On Monday, the illegal trial of human rights lawyer Muhamad Mugraby began without him. Mugraby, who has not left Lebanon, is being tried in-absentia in a closed military court on charges of criticising the pro-Syrian Lebanese government in 2003.
Mugraby was charged after he delivered a speech on November 4, 2003, to a European Parliament delegation in Brussels, where he criticized the Lebanese government’s practice of using military courts to prosecute civilians for dissent. He also told the delegation that the military judges lacked adequate legal training, and he condemned the use of torture to coerce confessions from suspects appearing before the military tribunals.
Mugraby told IRIN that he didnt expect much. “I’ve learnt not to forecast the actions of the military officers – they work by a different set of rules,” he said.
Mugraby and his lawyers have filed a list of complaints with the court, explaining why the trial is not, in their view, legitimate. “The most important thing is that Article 20 of the Lebanese Constitution guarantees the right of every Lebanese civilian to a fair trial before a court constituted of judges,” Mugraby said. “These are military officers.” He went on to say that the charges violated his right to freedom of expression under Article 19 of the International Covenant on Civil and Political Rights, to which Lebanon is a party.
Human Rights Watch said in a statement that
“the prosecution of Dr. Mugraby casts doubt on Lebanon’s commitment to human rights reform,” said Joe Stork, deputy director of the Middle East and North Africa division at HRW. “No one should face jail for peacefully criticizing the government or the military,” he added.
The trial was called a "perversion" by the International Commission of Jurists.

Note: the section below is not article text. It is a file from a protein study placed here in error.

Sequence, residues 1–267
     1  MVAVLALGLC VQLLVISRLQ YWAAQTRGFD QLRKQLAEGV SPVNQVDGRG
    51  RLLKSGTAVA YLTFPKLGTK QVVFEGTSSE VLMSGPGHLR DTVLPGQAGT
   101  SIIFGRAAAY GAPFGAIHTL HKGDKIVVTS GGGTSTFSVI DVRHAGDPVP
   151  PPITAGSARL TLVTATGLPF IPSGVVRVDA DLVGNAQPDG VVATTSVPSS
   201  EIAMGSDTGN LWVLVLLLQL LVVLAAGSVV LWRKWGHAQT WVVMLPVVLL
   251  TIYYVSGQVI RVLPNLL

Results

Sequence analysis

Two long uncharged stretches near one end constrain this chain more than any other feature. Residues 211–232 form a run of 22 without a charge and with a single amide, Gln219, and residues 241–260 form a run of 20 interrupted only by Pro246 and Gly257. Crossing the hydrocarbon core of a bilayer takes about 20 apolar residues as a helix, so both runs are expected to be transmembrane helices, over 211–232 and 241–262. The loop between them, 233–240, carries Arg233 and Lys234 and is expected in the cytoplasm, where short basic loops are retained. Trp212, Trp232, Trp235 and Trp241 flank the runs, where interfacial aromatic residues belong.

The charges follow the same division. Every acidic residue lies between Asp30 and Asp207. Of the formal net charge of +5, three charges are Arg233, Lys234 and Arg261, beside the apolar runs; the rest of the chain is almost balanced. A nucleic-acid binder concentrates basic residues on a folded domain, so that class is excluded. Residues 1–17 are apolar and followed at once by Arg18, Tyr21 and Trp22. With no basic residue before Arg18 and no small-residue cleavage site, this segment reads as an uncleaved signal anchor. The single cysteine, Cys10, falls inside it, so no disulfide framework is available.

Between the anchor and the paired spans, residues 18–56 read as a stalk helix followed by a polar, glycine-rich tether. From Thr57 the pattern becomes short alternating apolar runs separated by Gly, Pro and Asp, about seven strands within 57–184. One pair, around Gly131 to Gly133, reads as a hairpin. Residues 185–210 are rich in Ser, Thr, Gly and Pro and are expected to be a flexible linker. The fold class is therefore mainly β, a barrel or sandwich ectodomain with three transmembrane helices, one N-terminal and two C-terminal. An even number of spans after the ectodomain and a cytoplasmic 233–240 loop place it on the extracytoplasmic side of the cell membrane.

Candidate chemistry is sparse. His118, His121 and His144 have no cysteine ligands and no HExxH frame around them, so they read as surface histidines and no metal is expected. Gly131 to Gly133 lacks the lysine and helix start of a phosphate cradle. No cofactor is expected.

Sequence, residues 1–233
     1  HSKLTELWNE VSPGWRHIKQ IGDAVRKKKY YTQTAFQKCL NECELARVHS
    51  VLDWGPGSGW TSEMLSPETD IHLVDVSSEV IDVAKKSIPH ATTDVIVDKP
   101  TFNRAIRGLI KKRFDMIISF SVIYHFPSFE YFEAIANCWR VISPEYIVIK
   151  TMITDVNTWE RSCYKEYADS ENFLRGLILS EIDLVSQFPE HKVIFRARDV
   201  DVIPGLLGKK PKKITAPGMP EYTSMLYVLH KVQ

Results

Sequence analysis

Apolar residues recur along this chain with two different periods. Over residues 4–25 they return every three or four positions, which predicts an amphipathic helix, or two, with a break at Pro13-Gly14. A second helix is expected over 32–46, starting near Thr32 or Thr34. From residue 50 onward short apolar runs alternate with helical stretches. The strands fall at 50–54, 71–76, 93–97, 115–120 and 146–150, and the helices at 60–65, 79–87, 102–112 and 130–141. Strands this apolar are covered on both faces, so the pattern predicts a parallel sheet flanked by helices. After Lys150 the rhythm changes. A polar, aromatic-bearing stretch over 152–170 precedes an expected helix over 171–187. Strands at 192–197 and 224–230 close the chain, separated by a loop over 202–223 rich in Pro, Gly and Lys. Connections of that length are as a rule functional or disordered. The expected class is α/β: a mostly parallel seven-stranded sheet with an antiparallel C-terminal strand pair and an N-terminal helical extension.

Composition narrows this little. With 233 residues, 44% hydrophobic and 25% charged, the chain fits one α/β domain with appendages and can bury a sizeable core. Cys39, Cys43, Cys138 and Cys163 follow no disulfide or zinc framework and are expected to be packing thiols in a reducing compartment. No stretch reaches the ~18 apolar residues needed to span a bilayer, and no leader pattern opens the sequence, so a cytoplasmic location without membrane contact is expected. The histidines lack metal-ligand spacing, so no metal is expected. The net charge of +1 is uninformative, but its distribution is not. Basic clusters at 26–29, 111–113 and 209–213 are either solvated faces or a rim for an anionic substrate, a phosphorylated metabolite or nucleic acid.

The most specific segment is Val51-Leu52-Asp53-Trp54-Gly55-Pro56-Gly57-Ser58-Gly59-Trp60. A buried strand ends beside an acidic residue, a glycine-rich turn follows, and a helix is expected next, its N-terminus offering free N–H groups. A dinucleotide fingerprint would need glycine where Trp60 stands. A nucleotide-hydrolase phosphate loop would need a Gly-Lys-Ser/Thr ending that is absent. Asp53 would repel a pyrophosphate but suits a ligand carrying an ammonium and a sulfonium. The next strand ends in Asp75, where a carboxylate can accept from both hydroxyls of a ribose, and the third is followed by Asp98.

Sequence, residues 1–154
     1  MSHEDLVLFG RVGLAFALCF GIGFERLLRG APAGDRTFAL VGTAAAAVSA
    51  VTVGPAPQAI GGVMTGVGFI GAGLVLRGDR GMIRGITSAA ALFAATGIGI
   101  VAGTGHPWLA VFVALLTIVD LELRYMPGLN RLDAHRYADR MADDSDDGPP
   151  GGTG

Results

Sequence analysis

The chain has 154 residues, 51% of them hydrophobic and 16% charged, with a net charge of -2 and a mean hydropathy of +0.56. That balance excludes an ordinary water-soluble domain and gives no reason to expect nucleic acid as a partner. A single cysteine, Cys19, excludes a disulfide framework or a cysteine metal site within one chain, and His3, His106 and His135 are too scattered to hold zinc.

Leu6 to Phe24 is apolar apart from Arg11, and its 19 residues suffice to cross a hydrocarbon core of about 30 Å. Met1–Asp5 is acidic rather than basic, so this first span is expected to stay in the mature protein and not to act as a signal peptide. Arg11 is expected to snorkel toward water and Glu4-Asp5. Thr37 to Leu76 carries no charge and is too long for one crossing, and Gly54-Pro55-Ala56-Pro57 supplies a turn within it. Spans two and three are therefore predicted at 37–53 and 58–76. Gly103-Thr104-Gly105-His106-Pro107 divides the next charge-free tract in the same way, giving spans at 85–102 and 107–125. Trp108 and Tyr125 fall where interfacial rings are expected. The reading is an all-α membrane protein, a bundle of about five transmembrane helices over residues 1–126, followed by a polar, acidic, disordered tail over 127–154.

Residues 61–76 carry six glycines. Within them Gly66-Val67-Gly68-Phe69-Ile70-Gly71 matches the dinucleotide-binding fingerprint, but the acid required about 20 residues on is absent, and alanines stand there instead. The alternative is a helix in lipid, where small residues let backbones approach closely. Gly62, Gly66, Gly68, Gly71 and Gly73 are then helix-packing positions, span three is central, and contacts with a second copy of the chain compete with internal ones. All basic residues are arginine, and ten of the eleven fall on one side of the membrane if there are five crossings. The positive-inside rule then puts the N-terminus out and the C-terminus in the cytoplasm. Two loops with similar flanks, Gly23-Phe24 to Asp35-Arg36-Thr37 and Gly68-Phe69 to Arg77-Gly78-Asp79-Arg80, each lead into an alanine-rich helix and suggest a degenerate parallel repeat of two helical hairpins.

The Geneva-based International Commission of Jurists called the trial a “perversion” of the law and called for all charges to be dropped unconditionally. “This process before the military court constitutes an aberration and its article of indictment is a gross violation of fundamental rights,” the commission noted in a statement.
Lebanon's military courts do not conform to international fair trial standards, says HRW.
In 1997 the United Nations Human Rights Committee noted, in its Concluding Observations on Lebanon, its concern regarding “the procedures followed by these military courts, as well as the lack of supervision of the military courts’ procedures and verdicts by the ordinary courts.”
This is not the first time that the Lebanese authorities have prosecuted and harassed Mugraby. In August 2003, officials arrested Mugraby and detained him for three weeks on apparently politically motivated charges of “impersonating a lawyer.” That arrest followed repeated attempts by the Beirut Bar Association to prevent Mugraby from practicing as a lawyer. This harassment took place while Mugraby was campaigning for investigations into judicial corruption and for an inquiry into the “disappearances” of two Lebanese who had been transferred to Syrian custody in 1997.
Mugrabi's illegal trial began during the Syrian era, and it continues after the alleged independence. Samir Geagea was freed, Islamists were pardoned, Hizbullah freely receives weapons via another country, Palestinian factions are allowed to carry arms, but Muhamad Mugraby is still being tried in a closed military court for rightly criticising the actions of the government and its unfair practice of using military courts. He faces a three-year prison term if found "guilty."
Sadly, this trial is largely ignored by the Lebanese media and I should add, public!